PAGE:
For me it always boils down to that we had relatives who had managed to get a job in Lodz (then Litzmannstadt) and they were talked about and envied no end for all the butter and the lard they had access to for years and years after the war. I have no idea what happened to them after Herrenmenschen-Glory stopped. Maybe they became refugees/expelled?

That said - we in the West were on our worst behaviour with the refugees, ridiculing them endlessly (rot und blau Polack-Frau - red and blue Polish woman) and most certainly a lot of them were just civilians being at the wrong place at the wrong time but so were the bombed out and every attempt to rally them with the "we are victims too" cry in any numbers has failed. (we do yell "allied war crime" but no ballot relevant club has emerged)

Somewhere on the net there are maps showing power moves over the milennia - and as I remember the area from Elias Canetti's home town up to Poland stands a good chance to compete the area around Jerusalem for frequency of change.

So even if there may be injustices happening I think everybody will be better off, if cuts are made even if they should favour the having acted not super unimpeccably (fuzzy minded as women tend to be ;) I am nevertheless all in favour of returning stuff looted by us during the 3rd Reich for millenia to come - but returning land unless it has been uninhabited in the meantime creates new injustices endlessly and thus there should be cuts/deals whatever but for that to happen you have to have reliable partners on the other side of the table and parts of our German expelled do not seem to aspire to be that)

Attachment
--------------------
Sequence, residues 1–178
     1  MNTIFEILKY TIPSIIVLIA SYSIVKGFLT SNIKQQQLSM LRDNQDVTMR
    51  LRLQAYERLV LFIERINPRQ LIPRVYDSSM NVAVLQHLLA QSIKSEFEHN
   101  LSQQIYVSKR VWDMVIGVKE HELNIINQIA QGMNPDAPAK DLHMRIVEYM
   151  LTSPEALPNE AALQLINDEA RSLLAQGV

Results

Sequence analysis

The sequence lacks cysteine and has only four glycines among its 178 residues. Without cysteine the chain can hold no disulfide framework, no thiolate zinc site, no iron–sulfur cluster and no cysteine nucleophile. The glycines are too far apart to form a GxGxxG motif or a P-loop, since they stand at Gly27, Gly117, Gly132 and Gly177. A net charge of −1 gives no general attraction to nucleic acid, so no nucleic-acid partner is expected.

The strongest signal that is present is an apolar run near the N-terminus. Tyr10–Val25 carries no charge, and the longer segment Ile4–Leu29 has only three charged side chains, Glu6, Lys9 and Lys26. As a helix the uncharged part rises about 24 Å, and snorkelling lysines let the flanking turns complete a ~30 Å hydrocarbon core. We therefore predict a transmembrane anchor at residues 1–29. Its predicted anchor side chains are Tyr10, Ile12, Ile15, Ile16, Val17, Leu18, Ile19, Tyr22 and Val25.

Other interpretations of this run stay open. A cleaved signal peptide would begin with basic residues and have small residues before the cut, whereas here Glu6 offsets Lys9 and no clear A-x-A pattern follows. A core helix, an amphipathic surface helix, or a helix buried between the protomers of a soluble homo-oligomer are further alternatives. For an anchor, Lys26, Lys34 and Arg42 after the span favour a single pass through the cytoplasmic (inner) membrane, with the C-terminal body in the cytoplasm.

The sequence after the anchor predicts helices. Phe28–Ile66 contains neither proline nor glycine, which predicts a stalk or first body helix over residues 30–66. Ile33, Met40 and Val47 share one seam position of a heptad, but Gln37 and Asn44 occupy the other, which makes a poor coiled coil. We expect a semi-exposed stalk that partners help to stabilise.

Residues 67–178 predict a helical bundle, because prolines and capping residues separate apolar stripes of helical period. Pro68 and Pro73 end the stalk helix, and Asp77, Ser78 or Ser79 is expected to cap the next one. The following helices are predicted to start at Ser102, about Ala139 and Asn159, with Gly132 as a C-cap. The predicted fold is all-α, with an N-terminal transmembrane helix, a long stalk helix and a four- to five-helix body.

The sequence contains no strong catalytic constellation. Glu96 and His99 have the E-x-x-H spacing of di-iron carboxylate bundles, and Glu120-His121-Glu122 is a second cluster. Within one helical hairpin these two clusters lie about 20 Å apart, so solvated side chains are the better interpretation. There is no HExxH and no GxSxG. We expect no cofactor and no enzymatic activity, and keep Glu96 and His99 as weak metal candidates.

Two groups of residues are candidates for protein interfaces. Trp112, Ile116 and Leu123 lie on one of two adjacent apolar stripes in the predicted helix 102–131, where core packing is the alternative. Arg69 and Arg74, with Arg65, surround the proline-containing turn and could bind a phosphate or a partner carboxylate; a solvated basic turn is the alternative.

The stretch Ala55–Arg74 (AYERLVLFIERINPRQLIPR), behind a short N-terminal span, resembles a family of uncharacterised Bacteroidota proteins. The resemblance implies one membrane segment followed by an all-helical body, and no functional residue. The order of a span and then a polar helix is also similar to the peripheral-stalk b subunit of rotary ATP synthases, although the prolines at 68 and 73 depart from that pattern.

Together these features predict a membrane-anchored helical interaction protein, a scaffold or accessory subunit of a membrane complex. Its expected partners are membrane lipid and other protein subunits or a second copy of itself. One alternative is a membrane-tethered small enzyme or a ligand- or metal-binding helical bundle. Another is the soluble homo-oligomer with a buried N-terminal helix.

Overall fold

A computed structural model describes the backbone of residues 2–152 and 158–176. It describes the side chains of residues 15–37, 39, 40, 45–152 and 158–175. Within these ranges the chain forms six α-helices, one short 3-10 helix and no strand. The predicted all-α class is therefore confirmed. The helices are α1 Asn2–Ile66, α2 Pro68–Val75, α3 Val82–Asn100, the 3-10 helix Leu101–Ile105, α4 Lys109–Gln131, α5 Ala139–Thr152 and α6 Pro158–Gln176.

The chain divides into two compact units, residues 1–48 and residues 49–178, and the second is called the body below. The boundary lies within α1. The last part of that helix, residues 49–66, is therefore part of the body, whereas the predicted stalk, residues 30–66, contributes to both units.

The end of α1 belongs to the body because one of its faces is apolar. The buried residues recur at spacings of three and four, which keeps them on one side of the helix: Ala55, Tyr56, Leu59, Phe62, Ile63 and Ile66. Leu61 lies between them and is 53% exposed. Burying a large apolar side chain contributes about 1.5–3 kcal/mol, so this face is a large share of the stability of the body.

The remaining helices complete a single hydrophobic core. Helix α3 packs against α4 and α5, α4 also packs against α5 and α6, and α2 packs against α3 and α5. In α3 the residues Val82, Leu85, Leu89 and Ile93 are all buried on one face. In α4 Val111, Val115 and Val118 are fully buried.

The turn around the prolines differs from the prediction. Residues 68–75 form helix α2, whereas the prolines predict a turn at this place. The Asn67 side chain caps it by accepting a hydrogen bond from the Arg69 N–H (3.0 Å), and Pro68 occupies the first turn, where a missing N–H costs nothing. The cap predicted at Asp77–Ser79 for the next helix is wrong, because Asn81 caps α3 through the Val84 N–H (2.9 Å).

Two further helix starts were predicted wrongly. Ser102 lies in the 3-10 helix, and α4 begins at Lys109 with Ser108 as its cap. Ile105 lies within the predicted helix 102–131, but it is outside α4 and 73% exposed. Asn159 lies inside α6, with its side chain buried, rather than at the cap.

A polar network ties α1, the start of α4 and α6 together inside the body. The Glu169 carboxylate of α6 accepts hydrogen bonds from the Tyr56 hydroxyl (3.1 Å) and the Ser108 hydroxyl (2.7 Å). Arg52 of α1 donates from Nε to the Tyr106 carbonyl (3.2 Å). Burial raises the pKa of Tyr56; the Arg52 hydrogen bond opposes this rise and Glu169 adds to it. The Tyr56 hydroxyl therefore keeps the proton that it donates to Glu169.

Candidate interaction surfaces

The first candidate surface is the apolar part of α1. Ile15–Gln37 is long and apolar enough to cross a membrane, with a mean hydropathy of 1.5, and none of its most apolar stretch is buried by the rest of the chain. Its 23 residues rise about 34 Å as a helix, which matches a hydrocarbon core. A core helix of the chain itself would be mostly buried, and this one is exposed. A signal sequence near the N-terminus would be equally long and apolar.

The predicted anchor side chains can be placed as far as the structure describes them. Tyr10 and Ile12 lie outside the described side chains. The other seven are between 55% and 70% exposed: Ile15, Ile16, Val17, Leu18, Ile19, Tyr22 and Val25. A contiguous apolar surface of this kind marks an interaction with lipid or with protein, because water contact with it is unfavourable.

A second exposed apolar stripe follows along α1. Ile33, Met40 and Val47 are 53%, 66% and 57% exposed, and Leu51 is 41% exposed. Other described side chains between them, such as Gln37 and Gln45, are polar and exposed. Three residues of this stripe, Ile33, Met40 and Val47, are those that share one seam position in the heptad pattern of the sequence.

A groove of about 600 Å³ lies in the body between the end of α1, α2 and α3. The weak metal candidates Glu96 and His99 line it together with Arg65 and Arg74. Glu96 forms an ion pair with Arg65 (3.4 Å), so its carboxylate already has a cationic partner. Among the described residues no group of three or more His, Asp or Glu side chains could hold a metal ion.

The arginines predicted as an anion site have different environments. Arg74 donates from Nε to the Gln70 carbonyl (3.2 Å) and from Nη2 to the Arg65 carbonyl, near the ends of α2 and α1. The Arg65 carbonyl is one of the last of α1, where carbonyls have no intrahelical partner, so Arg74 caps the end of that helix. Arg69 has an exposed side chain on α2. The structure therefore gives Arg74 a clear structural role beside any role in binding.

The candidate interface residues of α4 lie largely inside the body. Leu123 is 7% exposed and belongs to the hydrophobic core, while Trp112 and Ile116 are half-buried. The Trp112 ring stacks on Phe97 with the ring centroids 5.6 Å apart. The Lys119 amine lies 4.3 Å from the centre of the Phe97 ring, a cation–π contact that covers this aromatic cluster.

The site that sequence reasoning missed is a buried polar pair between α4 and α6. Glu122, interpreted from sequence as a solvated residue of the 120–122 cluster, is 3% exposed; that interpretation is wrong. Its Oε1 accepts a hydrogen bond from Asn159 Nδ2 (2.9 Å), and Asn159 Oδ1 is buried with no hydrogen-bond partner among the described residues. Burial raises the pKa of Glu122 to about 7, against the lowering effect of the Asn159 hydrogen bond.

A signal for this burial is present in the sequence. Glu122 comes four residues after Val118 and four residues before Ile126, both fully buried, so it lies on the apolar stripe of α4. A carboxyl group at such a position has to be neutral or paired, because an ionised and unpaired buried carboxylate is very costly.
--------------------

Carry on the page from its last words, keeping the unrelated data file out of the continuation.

Silke

Ibrahim Ibn Yusuf said...

Jews who once owned property that was taken over by the Jordanians in Jerusalem have some chance of recovering their property, while Arabs who once owned property that was taken over by the Israelis don't have a track to recover it. I was unaware of this, and am not proud of it now that I know it.

Congrats, Yaacov. You've just learned what I knew all along. This proves that, although I don't live in Israel and my main problem is whether I'll be able to get tickets for my son and me for the soccer game this Saturday, I can talk about Israel with the same authority as you.

the charismatic Palestinian leader who may have chatted with Adolf Hitler about the need to add the Jews of Mandatory Palestine to the Final Solution

His charisma notwithstanding, the Mufti was not elected by the Palestinian people. He was appointed by a British official who happened to be Jewish. The ironies of life.

Anonymous said...

oh Mr. Fake
I am sooo glad you are back - I have missed you terribly

oh and BTW just in case there is a competition going on here
- you may be as much of a knowledgeable authority as you claim I am still waiting for you to ever admitting to not having known something. Measured by those standards Yaacov is winning against you by miles

Silke

Anonymous said...

Thank you, Silke.